10. ^ a b Testerman, Martin (22 March 2010). "Charity leader's sideline: politics". St. Petersburg Times. Retrieved 23 May 2010. 
  11. ^ a b Sluss, Michael (May 18, 2010). "McDonnell to give away $5K from Navy vets charity". Roanoke Times. Retrieved 2010-06-22. 
  12. ^ Helderman, Rosalind (19 May 2010). "Cuccinelli will open special account to hold funds from troubled charity director". The Washington Post. Retrieved 23 June 2010. 
  13. ^ Sluss, Michael (May 27, 2010). "Staffer: Cuccinelli made no pledge to Navy Vets". Roanoke Times. Retrieved 2010-09-12. 
  14. ^ "U.S. Navy Veterans Association under investigation". Roanoke Times. August 2, 2010. Retrieved 2010-09-25.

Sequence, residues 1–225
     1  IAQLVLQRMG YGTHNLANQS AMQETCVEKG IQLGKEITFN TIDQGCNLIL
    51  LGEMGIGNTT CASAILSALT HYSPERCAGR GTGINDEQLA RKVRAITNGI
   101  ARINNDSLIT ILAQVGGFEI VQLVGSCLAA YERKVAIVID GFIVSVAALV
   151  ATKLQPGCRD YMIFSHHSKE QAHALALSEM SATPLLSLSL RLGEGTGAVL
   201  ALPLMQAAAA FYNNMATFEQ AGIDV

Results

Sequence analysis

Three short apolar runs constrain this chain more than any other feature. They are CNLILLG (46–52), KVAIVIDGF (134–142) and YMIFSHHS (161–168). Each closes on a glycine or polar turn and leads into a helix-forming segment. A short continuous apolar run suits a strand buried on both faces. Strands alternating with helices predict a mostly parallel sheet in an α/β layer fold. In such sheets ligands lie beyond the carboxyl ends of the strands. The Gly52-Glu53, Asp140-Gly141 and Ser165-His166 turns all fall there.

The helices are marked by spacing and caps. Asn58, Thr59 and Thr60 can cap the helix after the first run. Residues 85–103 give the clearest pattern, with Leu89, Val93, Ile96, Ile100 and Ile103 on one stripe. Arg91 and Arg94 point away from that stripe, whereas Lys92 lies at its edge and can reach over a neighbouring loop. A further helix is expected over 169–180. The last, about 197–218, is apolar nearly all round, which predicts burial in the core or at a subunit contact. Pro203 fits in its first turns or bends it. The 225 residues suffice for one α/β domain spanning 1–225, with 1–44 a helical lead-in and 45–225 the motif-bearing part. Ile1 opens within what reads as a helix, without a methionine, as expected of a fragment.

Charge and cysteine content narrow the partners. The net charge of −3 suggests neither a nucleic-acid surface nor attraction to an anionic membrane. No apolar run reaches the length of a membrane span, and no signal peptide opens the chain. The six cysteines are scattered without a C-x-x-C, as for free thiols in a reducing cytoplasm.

15. ^ Furlow, Bryant (April 7, 2010). "AG orders Navy Veterans Assn. to halt fundraising in NM". New Mexico Independent. Retrieved 2010-09-06. 
  16. ^ "Letter barring USNVA from soliciting in New Mexico" (PDF). April 1, 2010. Retrieved 2010-09-06. 
  17. ^ Cole, William (23 May 2010). "Exploiting patriotism for profit". The Honolulu Advertiser. Archived from the original on May 26, 2010. Retrieved 23 May 2010. 
  18. ^ Furlow, Bryant (18 May 2010). "Charity under investigation in NM is at center of brewing campaign money scandal in Virginia". The New Mexico Independent. Retrieved 23 May 2010. 
  19. ^ Cornwell, Lisa (August 5, 2010). "Ohio AG: Navy vets group leader stole identity". Associated Press. Retrieved 2010-09-05.